The rape of Lucretia, according to Livy, was the fundamental "last straw" in the overthrow of the Etruscan King Lucius Tarquinius Superbus. The transition from the Etruscan monarchy to republic (510-509 BC) was not, however, a simple institutional change. In place of the King, the newly founded Republic relied upon its Senate, or patrician class families, to oversee the government and the election of various officials, including 2 shared power Consuls. This transformation from monarchy to representative style government, headed by the elite social class, would prove to have troubles of its own.
After the overthrow of the Tarquin dynasty, led by Junius Brutus, the ancient Romans avoided a true monarchal government for the remainder of their storied history (Even the later imperial government maintained forms of the republican system. While in practice it could be a system of absolute power for the Emperor, it was theoretically still checked by the Senate and other representative ideals.) This same Junius Brutus was later claimed as an ancestor by the Republican loyalist Marcus Brutus who was among the conspirators in the assassination of Julius Caesar, and shows the deeply rooted Roman aversion to Kings. It was the era of the Republic in which the great expansion of Roman civilization, power and structure set the path for European dominance. In these formative and expansive years, Rome was ruled by its Senate and its people's assemblies. The offices of power were divided among various elected officials to avoid the conglomeration of power and the re-institution of the monarchy.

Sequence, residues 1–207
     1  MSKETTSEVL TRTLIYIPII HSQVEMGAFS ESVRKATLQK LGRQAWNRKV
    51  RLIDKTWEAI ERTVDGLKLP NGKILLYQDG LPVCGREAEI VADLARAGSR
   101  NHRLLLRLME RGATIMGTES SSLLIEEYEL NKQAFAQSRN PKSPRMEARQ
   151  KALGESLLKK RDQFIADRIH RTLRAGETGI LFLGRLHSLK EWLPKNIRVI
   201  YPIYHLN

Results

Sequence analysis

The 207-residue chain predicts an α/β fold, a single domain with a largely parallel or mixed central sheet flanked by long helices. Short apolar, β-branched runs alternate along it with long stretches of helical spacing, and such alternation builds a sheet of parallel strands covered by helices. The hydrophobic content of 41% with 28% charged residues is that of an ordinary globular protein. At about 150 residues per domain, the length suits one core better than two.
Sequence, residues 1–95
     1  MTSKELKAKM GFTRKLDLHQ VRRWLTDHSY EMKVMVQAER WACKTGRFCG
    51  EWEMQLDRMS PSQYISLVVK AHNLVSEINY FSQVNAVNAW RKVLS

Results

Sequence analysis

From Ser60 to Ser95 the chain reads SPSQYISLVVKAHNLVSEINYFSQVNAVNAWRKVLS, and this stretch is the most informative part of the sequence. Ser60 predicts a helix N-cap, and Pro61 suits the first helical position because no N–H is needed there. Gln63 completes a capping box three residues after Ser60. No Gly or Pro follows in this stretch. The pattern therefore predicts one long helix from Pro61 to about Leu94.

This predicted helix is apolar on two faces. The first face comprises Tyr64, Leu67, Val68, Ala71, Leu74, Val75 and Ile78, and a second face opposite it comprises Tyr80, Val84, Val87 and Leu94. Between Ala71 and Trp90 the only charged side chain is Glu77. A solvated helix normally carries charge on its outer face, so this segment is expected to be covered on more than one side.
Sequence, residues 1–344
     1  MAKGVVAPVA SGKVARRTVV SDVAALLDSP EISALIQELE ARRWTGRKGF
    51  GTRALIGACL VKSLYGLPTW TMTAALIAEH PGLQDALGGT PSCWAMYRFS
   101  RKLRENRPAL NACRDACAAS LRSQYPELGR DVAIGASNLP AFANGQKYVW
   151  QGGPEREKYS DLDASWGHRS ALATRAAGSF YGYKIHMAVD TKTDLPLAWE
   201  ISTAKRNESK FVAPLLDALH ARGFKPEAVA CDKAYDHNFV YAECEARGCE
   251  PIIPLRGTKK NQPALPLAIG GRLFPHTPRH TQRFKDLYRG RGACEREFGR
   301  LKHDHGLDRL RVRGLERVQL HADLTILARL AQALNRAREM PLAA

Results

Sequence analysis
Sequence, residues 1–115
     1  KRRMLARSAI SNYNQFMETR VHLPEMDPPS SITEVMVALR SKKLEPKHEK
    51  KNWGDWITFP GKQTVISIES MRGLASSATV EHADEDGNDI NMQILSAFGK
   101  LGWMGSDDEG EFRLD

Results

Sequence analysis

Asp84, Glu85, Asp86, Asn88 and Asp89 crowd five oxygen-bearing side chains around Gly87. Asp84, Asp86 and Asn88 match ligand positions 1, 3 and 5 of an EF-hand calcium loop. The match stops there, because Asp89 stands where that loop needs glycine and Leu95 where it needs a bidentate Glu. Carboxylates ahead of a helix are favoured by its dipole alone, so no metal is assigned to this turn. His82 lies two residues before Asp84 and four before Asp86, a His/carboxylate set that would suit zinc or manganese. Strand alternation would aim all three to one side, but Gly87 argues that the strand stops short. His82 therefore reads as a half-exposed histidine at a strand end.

These magistracies were in essence, a division of previous monarchal powers. The Romans instituted a constitution which would dictate the traditions and institutions of government for the Roman people. This constitution, however, was not a formal or even written document, but rather a series of unwritten traditions and laws. Deeply rooted in pre-Republican tradition, it essentially maintained all the same monarchal powers and divided them amongst a series of people, rather than in one supreme ruler.
Patricians and Plebeians
Discontent and political upheaval lay ahead for the fledgling Republic, since the new constitution was flawed and exclusive in nature for the general population (plebeians). Rome was surrounded by powerful external enemies, including its former Etruscan rulers, and Patrician (the hereditary aristocratic families) in-fighting with each other and the plebeian (common people) class was an immediate source of difficulty. The Romans developed a complex client system, where aristocratic families pledged allegiance and voting support to other powerful families. In exchange for political appointments and advocating of various agendas, some power groups were able to subvert the state and the will of the masses for personal gain.
The words Patrician and Plebeian have taken on different connotations of wealthy and poor in modern English, but no such distinction existed in Roman times. The two classes were simply ancestral or inherited. A citizen's class was fixed by birth rather than by wealth. Patricians monopolized all of the political offices and probably most of the wealth in the early Republic, but there were many wealthy plebeians, and conversly many patrician families had little claim to wealth or prestige other than their family heritage. The relationship between the plebeians and the patricians sometimes came under intense strain, as a result of this exclusion from political influence. In repsonse, the plebeians on several occasions, abandoned the city leaving the patricians without a working class to support their political whims.
Did you know...?
It took the Roman historian Livy (d. 17 AD) forty years to write his 142-book History of Rome.